Elevator proposed to ease access to Western Wall

Lift to be called “Ma’alot Baruch” after donor.

By MELANIE LIDMAN
August 17, 2010 04:56
2 minute read.
Steps leading to the Western Wall in Jerusalem.

311_Kotel steps. (photo credit: Marc Israel Sellem)

Two thousand years ago, stone bridges connected the Jewish Quarter directly to the Temple Mount, saving the high priests the long trek down and back up. By this time next year, visitors with baby carriages and the disabled could be saving themselves the same schlep if an elevator is approved by the Jerusalem Planning and Building Committee.

The elevator, proposed by the Company for the Reconstruction and Development of the Jewish Quarter, would start at Misgav Ledach Street and descend 21 meters to a new pedestrian tunnel. It would greatly improve access for visitors in wheelchairs or those with other disabilities, who now have to contend with several flights of stairs. The pedestrian tunnel would be 60-70 meters in length and pass underneath the stairs near the Aish HaTorah Yeshiva.

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At present, the only way for visitors in wheelchairs to reach the Kotel is through the road leading to Dung Gate, which is very steep and has no sidewalks.

“The idea is to make a simple connection between the Jewish Quarter and the Kotel. We want to make the Kotel more accessible to people with disabilities, or even large families with baby carriages,” Daniel Shukuron, the project director from the Company for the Reconstruction and Development of the Jewish Quarter, told The Jerusalem Post on Monday.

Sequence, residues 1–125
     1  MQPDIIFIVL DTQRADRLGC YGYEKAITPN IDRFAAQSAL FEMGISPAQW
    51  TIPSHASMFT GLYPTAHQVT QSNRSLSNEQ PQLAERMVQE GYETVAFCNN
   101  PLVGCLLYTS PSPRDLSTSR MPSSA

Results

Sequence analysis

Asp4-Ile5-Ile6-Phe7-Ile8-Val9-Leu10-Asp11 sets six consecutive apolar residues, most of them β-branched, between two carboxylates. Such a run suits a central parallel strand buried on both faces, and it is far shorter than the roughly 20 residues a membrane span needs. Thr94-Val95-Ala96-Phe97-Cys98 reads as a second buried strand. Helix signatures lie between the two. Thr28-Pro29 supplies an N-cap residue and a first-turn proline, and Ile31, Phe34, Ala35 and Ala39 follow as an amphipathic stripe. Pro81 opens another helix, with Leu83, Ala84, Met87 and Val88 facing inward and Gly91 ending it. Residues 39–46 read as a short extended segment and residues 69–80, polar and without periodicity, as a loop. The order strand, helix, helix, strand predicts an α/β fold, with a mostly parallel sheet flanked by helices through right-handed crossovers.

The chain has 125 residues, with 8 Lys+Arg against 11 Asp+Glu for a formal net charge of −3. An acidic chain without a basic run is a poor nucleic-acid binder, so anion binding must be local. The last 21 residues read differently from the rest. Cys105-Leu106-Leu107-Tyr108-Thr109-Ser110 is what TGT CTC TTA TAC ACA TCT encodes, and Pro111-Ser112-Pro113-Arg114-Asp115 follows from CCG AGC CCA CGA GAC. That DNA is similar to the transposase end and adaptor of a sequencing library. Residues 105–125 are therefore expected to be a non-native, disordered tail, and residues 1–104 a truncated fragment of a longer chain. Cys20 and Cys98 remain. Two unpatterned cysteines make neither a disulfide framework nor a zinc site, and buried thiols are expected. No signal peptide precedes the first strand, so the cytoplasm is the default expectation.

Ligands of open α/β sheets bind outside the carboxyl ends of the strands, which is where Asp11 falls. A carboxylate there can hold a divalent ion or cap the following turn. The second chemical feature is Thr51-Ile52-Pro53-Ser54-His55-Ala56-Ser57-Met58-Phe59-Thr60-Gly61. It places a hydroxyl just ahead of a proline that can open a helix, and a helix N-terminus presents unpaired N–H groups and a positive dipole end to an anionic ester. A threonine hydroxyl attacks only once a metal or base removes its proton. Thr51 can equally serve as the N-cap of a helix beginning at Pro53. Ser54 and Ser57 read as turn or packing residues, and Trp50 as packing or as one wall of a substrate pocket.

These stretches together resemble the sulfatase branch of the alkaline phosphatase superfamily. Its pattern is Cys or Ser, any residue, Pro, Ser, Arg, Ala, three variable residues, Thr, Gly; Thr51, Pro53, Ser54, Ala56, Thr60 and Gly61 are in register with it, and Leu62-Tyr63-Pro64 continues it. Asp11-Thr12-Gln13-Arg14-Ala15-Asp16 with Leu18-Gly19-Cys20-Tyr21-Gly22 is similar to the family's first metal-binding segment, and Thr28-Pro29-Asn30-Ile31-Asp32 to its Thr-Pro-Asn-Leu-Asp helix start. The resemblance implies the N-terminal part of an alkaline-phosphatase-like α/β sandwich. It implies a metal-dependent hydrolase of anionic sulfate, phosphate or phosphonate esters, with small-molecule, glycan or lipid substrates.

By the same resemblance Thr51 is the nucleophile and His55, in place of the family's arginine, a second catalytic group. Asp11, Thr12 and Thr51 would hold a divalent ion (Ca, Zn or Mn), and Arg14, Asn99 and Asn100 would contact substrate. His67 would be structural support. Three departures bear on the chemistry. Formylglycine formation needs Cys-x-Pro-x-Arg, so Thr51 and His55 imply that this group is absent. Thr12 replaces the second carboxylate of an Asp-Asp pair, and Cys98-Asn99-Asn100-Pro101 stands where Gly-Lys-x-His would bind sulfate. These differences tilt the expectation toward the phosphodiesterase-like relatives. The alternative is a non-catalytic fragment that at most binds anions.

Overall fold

While the idea of an elevator to the Western Wall Plaza has been floated by various groups, it took New York businessman Baruch Klein, a part-time Jewish Quarter resident, to donate the money to get the project moving. An accident in Brooklyn years ago left him bedridden for many months, and continues to give him trouble walking.

“He’d been thinking about building an elevator for a while, and when we sat with him and started to really discuss it, we fell in love with the idea,” Shukuron said.

The elevator would cost between NIS 10 million and NIS 14m. Construction, which could begin as early as November if all the permits are approved by the municipality and the Antiquities Authority, would take 10 to 18 months. The elevator is to be called “Ma’alot Baruch” in honor of Klein.

Yad Sarah, a volunteer organization that provides services and equipment to disabled Israelis and visitors, welcomed the proposal, noting that the Old City is very difficult for disabled visitors to navigate.

“There are a lot of people in wheelchairs who want to get to the Kotel, and technically now it’s accessible, but the stairs really limit most people in wheelchairs,” said David Rothner, the spokesman for Yad Sarah. “The Kotel is the No. 1 tourist site in Israel. How is it possible that this site is not accessible to everyone?”

The development company, a state company that functions within the Ministry of Construction and Housing, hopes to offer the elevator free of charge. It is working on ways to allow the elevator to operate on Shabbat.


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